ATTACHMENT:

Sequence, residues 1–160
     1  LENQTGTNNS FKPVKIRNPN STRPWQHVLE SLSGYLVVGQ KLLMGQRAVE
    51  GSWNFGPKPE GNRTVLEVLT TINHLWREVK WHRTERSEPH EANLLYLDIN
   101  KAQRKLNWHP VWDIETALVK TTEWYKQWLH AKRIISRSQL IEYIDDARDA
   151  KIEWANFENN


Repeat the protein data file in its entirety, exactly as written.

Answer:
Sequence, residues 1–160
     1  LENQTGTNNS FKPVKIRNPN STRPWQHVLE SLSGYLVVGQ KLLMGQRAVE
    51  GSWNFGPKPE GNRTVLEVLT TINHLWREVK WHRTERSEPH EANLLYLDIN
   101  KAQRKLNWHP VWDIETALVK TTEWYKQWLH AKRIISRSQL IEYIDDARDA
   151  KIEWANFENN